I’m sure you have heard many people talk about it before – To succeed in trading, one needs to develop a probability based mindset. But what does that really mean and how can one go about developing this?
I’ve spoken to many people over the years about trading, and one topic that crops up every now and then is when traders feel like they keep head butting a brick wall that is standing in their way. They cannot seem to break through this obstacle, and of course this inevitably leads to frustration and overtrading, thus taking trades against their processes and rules. So how are you able to push yourself to move on and hit the next level in your trading?
Whether you like it or not, if you are engaged in trading there is never any certainty in the result of any given trade that you may take. Even the best traders, investors, market forecasters or even the ‘gurus’ on your favourite finance television networks cannot say with ‘certainty’ where the market is headed next year, next month, next week, or heck, even tomorrow.
So how can traders deal with the uncertainty that trading in the markets presents?
What is Loss Aversion?
Quite simply, Loss Aversion is where a trader is unwilling to take a loss in a current trade they have on. Rather than take the pre-agreed loss they set at the start of the trade, the trader decides to move, or even remove, their stop loss, hoping and praying that the market will return in their favour. The trader essentially is trying to ‘avoid’ taking the loss.
Many successful people, Traders and Non-Traders, consistently speak of the value of meditation. I’ve highlighted the benefits of meditation in a previous article and how it can help your trading. Despite the obvious benefits it can bring, it is true that many people simply struggle with regularly practicing meditation. So what can you do to help ease in to meditation if you have no experience of it?
How often have you said to yourself, “I need to more grateful. I need to be more thankful for what is in my life. I need to show gratitude to the people around me.”
How often do you perhaps make a point of expressing gratitude for the good in your life? Once a day? A week? A month?
How many times have you tried to instill this habit, but then find yourself falling out of the ‘habit’ and reverting back into your previous routine and busy life?
What does ‘being grateful’ actually mean, and why is it important, not only in terms of trading, but also your everyday lives?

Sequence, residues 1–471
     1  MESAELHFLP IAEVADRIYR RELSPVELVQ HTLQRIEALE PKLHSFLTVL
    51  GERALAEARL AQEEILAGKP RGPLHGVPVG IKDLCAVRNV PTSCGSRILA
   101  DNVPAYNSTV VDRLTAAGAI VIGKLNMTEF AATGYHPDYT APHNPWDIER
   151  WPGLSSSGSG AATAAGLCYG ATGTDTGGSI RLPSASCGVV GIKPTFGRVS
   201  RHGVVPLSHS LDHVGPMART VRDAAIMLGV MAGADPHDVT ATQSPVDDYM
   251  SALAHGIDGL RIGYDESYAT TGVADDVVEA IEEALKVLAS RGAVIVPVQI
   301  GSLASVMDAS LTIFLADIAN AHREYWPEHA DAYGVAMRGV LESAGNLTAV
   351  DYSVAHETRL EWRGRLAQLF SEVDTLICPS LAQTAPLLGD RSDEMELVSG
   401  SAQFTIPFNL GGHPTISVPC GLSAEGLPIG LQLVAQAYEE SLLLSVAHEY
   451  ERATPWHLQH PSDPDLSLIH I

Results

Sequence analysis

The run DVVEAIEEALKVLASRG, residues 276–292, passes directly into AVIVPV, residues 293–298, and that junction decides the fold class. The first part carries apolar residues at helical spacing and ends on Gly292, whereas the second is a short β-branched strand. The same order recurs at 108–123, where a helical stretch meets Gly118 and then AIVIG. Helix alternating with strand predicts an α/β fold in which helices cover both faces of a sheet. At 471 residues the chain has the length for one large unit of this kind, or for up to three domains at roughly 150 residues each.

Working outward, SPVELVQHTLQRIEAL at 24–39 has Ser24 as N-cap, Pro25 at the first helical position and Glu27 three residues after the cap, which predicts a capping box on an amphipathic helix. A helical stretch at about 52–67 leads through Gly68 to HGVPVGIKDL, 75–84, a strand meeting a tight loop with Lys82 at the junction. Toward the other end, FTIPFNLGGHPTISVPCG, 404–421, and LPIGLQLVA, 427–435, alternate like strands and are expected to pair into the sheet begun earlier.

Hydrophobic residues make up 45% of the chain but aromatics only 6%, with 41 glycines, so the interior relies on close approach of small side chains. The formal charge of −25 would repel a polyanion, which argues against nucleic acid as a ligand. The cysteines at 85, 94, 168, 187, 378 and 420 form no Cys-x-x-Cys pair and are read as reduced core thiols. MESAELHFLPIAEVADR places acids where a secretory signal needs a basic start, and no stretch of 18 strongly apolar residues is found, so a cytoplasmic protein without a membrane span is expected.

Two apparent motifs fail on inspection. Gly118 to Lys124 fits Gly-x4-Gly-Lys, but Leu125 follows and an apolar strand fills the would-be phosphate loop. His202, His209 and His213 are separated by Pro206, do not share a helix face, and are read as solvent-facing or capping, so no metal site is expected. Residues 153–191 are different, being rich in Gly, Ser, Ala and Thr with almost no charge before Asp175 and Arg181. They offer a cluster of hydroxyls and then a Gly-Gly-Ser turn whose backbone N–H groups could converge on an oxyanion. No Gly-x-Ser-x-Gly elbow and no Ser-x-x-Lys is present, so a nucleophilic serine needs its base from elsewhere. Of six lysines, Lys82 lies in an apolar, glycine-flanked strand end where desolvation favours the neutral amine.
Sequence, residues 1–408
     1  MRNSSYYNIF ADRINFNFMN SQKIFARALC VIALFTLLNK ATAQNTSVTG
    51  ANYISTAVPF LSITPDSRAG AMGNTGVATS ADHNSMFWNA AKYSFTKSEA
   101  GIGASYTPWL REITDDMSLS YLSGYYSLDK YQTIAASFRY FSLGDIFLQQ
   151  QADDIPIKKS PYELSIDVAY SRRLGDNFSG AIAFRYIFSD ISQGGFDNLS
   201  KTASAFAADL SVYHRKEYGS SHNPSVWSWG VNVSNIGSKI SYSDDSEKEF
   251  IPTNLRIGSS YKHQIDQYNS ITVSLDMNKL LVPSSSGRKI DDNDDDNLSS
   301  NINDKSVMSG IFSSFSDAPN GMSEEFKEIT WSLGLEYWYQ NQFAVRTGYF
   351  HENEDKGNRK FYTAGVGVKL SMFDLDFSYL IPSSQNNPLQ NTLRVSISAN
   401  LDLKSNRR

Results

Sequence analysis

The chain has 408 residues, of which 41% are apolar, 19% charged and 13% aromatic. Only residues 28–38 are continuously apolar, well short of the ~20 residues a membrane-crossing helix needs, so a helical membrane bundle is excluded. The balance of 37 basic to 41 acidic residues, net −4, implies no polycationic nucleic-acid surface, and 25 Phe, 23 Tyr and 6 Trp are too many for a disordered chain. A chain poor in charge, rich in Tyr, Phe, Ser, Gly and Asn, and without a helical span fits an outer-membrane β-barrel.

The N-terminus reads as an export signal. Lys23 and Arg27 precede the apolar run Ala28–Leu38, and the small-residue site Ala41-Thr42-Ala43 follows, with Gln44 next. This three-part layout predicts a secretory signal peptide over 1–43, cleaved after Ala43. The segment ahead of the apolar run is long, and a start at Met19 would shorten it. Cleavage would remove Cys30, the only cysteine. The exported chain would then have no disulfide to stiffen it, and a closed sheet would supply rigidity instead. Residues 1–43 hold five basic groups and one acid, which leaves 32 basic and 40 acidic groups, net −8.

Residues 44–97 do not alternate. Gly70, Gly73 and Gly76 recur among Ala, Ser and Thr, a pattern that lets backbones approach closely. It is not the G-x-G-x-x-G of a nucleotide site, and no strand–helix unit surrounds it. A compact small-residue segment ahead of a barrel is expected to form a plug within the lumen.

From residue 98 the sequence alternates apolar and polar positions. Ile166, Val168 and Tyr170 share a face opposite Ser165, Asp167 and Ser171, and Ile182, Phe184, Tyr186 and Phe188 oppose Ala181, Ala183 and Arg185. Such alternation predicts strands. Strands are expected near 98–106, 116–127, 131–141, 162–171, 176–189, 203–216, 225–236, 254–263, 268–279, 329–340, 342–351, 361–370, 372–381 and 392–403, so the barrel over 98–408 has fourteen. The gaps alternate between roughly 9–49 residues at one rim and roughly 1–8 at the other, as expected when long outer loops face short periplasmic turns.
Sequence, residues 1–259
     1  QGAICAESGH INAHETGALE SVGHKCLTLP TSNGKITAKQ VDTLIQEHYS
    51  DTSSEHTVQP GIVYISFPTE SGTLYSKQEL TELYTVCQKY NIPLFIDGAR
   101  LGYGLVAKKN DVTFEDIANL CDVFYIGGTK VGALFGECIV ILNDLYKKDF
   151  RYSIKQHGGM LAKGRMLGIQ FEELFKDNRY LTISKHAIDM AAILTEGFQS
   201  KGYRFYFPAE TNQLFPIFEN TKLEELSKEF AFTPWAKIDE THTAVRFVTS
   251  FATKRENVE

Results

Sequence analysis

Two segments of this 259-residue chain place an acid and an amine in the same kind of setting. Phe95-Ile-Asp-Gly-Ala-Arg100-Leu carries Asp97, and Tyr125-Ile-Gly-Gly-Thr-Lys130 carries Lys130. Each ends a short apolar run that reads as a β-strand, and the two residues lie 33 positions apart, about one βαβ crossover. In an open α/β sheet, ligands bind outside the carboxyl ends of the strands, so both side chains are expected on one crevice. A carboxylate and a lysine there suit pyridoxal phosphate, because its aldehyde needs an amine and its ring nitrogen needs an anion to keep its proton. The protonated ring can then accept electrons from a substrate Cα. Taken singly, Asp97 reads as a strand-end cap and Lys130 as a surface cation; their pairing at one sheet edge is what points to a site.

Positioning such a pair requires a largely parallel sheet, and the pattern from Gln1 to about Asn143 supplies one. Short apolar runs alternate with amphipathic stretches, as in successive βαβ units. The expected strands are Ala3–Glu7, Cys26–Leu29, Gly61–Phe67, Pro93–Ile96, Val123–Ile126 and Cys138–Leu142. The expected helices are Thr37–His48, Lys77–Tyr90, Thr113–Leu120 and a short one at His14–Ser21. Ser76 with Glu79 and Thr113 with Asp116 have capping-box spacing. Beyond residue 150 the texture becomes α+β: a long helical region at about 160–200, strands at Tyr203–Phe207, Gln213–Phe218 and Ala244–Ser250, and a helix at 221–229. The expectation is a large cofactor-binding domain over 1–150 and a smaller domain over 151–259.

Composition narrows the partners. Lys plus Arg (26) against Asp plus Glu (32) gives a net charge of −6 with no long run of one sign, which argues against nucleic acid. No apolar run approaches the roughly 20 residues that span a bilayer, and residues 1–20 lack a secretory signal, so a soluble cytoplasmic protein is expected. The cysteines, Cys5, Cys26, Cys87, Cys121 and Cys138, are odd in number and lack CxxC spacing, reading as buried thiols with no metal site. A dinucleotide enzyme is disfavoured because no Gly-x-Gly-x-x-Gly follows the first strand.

Whether you are relatively young in your trading career or are a seasoned veteran; still unprofitable, or now trading consistently profitably – one thing is for certain – virtually all traders will agree that learning the art of being patient and applying it to your trading is quite possibly one of the most crucial elements to successful trading.
So why is it that many new traders are unable to follow this simple rule…?
In a previous blog post on Fear in Trading, I briefly touched upon the concept commonly referred to as FOMO.
I’ve spoken to a number of traders in recent weeks and one of the biggest concerns they have is not having the patience and discipline to wait for the correct entry signal in fear of missing out on the move they ‘believe’ is about to occur, thereby taking trades against their system – otherwise known as FOMO.
So what is FOMO and why does it occur?
‘Fear’ is something that I bet every trader in the world has at some stage experienced. It could be a fear of loss (losing money), a fear of being wrong (ego), or perhaps even FOMO (Fear of missing out).
What is certain however, is that any traders who have become truly successful within trading have learnt to manage and master their fears. If you cannot do this, then you stand little chance of staying in the game long term.
So how do we combat fear?
How many traders have snatched profits in their trading careers? How many of you have closed trades based on your P&L as opposed to closing based on your charts? Have you closed a trade to ‘protect’ your profits all the while being almost certain that price will still move further in your favour? Conversely, how many of you let losses run to your full stops (or maybe even further!) when you know you are wrong but are ‘hoping’ the market will turn?